02 February 2012

The right to suffrage

One of the significant things we did last year as residents of New Zealand was to vote.  I think it is monumental by itself because we were thus recognized as part of the community, and that we have been given the opportunity to have a voice in the 2011 elections.

Of course, one cannot help but to compare the campaign and voting process with his native country.


In the Philippines, campaigns involve sticking loads of posters on walls and giving out pamphlets with a list of the party members.  There is also the 'miting de avance' where the political parties visit towns to announce their platform of government and hopefully win the favour of the people.  This is usually accompanied with entertainment by celebrities and artists (I think this is the reason why there is really a fine line between politics and showbiz).  Here in New Zealand (in our side of town at least), campaigns are more subtle.  Bulletin boards are also visible, but they are staked to the ground, on land visible to the public (such as roadsides).  Either that, or people hold placards on streets.  There are also meetings but not with fanfare, and is usually held in the community centre in a classroom setting.

The manner of voting itself is different.  We went to the voting precinct and five minutes later, we were out in the park enjoying the morning sun.  We simply went in, surrendered the voter's ID which we received by mail a couple of weeks back, then we were given the ballot where we ticked the name of our Party of choice, our preferred representative, and our choice in the voting referendum.  We dropped it in the ballot box, then took a couple of stickers which aim to encourage your friends to vote too (when they see that you've voted).

In the Philippines, one also goes to the voting precinct (such as the school), but since there are lots more people, then looking for your name in the correct classroom can take time.  On the average, we look for our names in at least three lists before finding it.  We then sign beside our name, then sit for a writing session for we have to write down the name of all the people we are voting for, from the Congressman, to the Mayor, to the Kagawads.  And then we get marked with indelible ink on our thumb.  We try to hurry home to remove it but of course this is not possible as you would most likely meet someone along the way and make small talk for a while.  Voting does not really take as long as it looks.  Half an hour or so is good, unless you can't find your name.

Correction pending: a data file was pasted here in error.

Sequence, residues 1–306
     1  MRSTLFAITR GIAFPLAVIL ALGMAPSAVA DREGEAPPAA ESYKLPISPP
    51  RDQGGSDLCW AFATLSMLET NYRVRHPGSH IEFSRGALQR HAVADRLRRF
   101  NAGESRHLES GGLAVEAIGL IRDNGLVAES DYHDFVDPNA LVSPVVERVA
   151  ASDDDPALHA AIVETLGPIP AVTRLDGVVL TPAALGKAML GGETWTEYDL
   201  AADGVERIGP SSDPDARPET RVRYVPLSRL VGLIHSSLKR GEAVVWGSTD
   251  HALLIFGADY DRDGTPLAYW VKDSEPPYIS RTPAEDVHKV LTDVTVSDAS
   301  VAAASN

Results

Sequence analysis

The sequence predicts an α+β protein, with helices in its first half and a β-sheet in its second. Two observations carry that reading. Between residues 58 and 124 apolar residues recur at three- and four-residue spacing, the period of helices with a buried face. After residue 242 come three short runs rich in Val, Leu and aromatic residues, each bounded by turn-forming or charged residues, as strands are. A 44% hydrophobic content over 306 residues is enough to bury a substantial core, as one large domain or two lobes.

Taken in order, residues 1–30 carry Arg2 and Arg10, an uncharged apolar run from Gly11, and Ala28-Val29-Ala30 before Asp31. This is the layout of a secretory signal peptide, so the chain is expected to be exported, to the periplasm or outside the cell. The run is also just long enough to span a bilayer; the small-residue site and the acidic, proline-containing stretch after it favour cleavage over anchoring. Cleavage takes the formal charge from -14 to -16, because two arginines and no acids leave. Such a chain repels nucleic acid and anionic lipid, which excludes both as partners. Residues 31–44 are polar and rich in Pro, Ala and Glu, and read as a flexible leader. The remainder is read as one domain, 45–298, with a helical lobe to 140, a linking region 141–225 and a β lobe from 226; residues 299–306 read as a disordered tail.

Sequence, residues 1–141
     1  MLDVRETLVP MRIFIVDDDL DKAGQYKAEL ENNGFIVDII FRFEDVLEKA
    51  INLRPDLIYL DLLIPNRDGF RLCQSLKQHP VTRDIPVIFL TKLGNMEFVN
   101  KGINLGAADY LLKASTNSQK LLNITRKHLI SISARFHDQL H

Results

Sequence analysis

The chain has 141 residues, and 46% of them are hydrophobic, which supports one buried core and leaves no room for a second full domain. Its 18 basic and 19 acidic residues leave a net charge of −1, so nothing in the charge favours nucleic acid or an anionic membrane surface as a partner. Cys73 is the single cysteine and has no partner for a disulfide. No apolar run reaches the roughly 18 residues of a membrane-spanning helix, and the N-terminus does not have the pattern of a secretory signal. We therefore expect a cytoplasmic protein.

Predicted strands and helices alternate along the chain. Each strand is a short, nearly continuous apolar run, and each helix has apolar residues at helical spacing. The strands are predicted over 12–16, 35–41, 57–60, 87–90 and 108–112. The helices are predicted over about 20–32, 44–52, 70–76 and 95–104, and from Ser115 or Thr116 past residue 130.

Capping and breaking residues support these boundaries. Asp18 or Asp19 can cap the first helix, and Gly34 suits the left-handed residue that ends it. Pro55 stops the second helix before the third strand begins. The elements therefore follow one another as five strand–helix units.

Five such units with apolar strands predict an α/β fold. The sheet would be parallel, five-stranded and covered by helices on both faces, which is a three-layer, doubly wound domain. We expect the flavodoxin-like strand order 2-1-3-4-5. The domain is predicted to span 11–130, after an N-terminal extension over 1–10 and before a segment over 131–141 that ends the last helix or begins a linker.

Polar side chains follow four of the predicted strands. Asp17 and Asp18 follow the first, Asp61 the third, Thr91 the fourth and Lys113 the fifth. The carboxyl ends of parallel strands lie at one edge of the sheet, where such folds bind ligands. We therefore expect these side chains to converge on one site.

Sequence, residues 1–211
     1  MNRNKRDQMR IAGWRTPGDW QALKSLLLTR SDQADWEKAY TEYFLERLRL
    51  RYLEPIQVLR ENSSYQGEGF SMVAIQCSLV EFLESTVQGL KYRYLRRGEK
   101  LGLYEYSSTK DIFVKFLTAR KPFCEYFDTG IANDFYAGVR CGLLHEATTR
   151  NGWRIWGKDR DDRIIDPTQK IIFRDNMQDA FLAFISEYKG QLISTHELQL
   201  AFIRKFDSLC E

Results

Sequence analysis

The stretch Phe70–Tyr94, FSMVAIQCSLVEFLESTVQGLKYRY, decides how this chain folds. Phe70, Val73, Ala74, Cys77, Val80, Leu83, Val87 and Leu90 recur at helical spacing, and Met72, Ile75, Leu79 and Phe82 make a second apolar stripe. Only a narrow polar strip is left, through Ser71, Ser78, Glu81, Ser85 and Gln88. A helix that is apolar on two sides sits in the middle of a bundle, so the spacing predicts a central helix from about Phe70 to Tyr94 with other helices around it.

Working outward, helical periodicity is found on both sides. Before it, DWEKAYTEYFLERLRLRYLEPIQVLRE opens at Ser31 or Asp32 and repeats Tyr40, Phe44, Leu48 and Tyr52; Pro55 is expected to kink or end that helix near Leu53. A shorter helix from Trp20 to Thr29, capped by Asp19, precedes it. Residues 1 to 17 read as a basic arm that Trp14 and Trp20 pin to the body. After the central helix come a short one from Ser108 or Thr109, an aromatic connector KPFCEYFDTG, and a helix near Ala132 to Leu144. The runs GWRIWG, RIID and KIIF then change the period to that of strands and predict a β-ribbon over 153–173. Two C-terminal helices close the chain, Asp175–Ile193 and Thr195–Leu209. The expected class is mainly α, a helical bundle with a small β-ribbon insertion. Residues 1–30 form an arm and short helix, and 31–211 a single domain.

With voting such a relatively painless process, it just makes me wonder why some people complain about lots of stuff - government included - but then they do not act on even the most basic thing they can do - the right to vote.  But some people say they weighed their options and saw nothing to persuade them to vote, and so they don't.  Well. that's their right too I guess.  Though I would think a better approach would be to see which party or person you most dislike, and vote for the contender.  You cannot help switch the balance of power by not doing anything.
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